State Options under the Graham-Cassidy Health Care Bill (article)
At the time of this publishing, all indications are that the Senate will hold a floor vote for one last health care reform proposal before the clock expires on Sept. 30, 2017, to use relaxed procedural rules for passage. One of the key elements of this Graham-Cassidy health care reform bill is that it gives flexibility to the states. Under the plan, states would be given a block grant based upon their population and would generally be permitted to spend the grant on health care as they see fit. In fact, it appears that to obtain waivers to implement “innovative” coverage options, a state must only certify that its new plan offers “adequate and affordable coverage.” However, adequate and affordable is not defined, and it is not clear that there is an enforcement mechanism once a waiver has been granted. This loose mandate provides a starting point under which states could experiment with different health care solutions or, in the event that the bill fails to gain the necessary support, the bill may serve as a catalyst for the discussion of alternative approaches that may be used as a basis for future health care reform efforts.
So far, only California and Vermont have shown signs of exploring a single payer option, but both states halted their efforts. Under a single payer plan, a state’s government would establish a state-run insurance company that would provide coverage to all residents of the state. One concern under the Affordable Care Act with this type of plan is that the federal government would not grant waivers to divert federal funds from existing programs. Under the expansive waiver rules of Graham-Cassidy, it would appear that there is no basis for the denial of these waivers. However, at least one Senator, John Kennedy (R-LA), plans to introduce an amendment to Graham-Cassidy that would bar states from using federal funds to establish a state level single payer plan. Nearly all private insurance (including employer-provided insurance) would be eliminated under the California plan. The system was to be financed with a combination of federal funds and substantial payroll tax increases.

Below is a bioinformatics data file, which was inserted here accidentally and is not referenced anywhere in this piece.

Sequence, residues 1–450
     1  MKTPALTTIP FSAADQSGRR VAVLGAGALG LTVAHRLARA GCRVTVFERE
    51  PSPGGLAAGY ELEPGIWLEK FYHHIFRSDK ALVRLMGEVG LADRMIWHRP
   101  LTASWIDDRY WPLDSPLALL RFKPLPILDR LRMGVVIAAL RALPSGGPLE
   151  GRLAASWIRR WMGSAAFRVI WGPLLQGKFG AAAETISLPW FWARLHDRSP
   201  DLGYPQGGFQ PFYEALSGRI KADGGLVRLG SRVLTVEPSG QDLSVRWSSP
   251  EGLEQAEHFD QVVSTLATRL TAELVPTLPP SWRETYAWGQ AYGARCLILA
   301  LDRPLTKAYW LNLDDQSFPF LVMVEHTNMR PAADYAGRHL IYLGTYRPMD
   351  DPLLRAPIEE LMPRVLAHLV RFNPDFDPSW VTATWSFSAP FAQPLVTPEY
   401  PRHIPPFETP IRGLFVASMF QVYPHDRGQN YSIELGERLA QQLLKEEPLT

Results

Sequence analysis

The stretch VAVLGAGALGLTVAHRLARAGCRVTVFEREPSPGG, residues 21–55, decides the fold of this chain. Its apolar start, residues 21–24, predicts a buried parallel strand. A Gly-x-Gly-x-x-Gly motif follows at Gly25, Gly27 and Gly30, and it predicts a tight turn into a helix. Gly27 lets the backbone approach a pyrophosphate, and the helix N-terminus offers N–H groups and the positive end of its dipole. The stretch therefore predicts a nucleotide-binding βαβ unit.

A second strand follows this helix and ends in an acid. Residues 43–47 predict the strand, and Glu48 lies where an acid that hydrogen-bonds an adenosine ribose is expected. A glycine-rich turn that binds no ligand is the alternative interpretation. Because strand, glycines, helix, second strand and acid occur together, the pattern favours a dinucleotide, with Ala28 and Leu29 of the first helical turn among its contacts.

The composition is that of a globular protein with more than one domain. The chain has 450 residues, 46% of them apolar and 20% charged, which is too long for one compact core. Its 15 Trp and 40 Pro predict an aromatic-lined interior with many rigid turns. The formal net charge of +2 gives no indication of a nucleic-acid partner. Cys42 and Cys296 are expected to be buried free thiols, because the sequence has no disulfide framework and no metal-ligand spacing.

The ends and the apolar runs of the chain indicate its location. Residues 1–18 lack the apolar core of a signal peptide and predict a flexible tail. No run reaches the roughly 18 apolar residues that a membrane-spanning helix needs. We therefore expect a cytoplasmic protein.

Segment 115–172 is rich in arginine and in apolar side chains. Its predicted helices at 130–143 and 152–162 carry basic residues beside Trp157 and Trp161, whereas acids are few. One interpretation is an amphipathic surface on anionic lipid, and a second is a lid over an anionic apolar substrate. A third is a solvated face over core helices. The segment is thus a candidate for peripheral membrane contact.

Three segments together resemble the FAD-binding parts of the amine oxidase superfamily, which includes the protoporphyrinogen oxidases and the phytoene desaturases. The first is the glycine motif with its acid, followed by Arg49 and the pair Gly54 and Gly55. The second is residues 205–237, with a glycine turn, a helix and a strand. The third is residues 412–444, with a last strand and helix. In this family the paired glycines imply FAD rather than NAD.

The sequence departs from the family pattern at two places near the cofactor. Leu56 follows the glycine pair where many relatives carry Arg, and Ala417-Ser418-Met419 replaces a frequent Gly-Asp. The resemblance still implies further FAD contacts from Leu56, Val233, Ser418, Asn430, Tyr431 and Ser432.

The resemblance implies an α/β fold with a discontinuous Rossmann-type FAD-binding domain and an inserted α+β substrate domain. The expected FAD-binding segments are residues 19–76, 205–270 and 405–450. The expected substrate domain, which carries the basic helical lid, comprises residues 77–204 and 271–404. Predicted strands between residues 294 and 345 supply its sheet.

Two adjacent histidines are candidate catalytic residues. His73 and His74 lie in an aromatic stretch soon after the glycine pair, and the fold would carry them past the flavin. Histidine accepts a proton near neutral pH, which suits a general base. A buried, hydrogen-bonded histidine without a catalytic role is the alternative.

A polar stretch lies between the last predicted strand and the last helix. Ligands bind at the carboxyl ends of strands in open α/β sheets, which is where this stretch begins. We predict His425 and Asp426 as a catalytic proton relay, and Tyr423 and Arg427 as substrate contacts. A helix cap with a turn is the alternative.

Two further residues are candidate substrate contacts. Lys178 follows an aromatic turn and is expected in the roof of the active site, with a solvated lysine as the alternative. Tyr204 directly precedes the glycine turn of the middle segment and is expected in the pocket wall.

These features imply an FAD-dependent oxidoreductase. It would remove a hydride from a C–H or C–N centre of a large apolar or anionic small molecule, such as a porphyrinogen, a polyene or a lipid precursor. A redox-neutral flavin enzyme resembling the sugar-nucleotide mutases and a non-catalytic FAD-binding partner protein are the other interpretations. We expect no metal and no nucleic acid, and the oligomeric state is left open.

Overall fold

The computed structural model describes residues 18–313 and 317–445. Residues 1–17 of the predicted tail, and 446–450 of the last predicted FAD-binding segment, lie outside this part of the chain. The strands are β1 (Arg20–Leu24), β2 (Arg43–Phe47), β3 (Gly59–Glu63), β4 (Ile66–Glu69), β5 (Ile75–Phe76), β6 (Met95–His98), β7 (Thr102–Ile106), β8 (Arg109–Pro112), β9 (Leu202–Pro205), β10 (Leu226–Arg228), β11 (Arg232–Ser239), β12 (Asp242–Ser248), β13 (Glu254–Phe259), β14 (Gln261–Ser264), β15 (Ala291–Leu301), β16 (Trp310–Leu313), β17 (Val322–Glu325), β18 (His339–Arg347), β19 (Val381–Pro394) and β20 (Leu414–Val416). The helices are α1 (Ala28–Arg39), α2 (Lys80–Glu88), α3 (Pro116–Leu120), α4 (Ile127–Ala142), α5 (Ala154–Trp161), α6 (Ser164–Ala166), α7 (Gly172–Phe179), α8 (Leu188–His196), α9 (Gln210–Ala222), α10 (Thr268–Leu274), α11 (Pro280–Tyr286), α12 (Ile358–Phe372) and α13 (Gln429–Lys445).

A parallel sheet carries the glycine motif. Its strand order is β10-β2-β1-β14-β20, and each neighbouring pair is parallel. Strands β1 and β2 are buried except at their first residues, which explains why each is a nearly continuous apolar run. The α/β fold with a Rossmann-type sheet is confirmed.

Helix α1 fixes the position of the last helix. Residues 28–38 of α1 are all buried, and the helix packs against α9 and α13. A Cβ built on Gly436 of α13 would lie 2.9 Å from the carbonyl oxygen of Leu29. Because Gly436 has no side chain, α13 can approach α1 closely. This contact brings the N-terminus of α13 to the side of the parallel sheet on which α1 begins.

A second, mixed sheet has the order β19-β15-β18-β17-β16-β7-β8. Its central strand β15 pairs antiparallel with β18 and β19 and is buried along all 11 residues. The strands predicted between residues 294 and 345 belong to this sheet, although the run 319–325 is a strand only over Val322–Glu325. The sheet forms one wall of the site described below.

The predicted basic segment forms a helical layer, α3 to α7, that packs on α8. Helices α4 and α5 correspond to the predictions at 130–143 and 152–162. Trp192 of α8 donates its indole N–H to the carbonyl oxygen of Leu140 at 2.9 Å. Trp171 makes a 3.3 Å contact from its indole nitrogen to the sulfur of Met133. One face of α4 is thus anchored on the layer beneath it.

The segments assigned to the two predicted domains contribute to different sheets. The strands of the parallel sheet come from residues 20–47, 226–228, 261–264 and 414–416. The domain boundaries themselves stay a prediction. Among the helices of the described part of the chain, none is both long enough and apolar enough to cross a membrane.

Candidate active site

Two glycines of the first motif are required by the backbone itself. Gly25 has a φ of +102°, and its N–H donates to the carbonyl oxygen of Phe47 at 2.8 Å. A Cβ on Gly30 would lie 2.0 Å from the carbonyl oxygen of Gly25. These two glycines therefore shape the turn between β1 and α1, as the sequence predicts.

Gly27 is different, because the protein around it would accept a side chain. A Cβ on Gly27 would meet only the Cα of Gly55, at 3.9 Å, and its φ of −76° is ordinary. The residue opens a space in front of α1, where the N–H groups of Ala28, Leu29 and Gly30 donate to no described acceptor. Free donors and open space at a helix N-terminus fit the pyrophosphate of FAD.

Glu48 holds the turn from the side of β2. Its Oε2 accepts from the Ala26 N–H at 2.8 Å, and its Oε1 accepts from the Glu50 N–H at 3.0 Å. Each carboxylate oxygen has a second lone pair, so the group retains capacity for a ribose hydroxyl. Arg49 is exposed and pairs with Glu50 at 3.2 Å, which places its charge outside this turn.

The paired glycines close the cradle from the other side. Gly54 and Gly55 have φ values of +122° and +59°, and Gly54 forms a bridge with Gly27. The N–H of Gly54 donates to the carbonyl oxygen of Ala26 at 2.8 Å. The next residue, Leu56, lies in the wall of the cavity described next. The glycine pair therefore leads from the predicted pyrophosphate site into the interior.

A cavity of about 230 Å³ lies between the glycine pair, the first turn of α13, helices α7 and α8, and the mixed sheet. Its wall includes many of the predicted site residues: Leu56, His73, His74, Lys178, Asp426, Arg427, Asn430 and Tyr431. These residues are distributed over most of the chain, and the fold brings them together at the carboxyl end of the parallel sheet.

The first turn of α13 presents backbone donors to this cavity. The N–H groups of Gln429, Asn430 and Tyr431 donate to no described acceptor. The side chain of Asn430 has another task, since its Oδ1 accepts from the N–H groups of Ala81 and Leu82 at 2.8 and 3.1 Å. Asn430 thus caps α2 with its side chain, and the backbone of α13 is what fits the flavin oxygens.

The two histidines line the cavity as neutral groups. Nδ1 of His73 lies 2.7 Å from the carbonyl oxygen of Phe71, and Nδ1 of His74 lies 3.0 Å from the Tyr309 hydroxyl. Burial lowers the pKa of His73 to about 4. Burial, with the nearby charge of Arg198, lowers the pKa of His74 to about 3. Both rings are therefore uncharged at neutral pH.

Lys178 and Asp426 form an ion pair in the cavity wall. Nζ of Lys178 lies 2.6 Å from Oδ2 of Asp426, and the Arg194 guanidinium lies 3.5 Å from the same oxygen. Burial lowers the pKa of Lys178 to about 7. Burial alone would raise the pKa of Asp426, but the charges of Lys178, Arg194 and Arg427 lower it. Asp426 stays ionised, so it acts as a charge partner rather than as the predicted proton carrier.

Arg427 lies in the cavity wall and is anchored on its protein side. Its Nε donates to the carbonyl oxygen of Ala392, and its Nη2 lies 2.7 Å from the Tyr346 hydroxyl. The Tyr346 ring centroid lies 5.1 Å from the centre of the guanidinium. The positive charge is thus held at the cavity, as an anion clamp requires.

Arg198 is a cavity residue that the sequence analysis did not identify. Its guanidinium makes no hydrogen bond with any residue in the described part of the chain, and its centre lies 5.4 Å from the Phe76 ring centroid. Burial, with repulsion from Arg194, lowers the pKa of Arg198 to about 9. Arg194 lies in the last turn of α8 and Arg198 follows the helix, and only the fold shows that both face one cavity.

In exchange, those enrolled in the California program would have received generous insurance coverage, including inpatient and outpatient care, dental and vision care, mental health and substance abuse treatment, and prescription drugs, according to a report by the LA Times. Patients under the California proposal would have been able to choose any provider and would have incurred zero cost in premiums and co-pays for most care. The California public option is notably different from European public option programs which don’t totally eliminate private insurance and can still require premiums and co-pays. The plan would have also folded the California’s Medicare and Medicaid programs into the single payer system.
Another consideration that has, thus far, halted single payer initiatives is the cost. Some analyses of the California proposal estimated that it would cost $330-$400 billion per year. On the other hand, with the elimination of co-pays and insurance premiums, these analyses also estimated that total health care spending would decline for most people in the state, especially for low income individuals.
High-risk pools are at the other end of the spectrum from single payer systems. Under a high-risk pool, individuals with certain preexisting or terminal conditions are allowed to enroll in a separate insurance pool that is (partially) subsidized by the state. Theoretically, under Graham-Cassidy a state could subsidize 0 to 100 percent of the cost of insurance of those enrolled in the pool. The basic idea of a high-risk pool is to remove those who have expensive medical issues from the state’s individual insurance market. Proponents of such proposals argue that removing high-risk individuals from the individual market reduces the cost of the remaining members of the market, because the high-risk individuals’ medical expenses are disproportionate when compared to the rest of the market.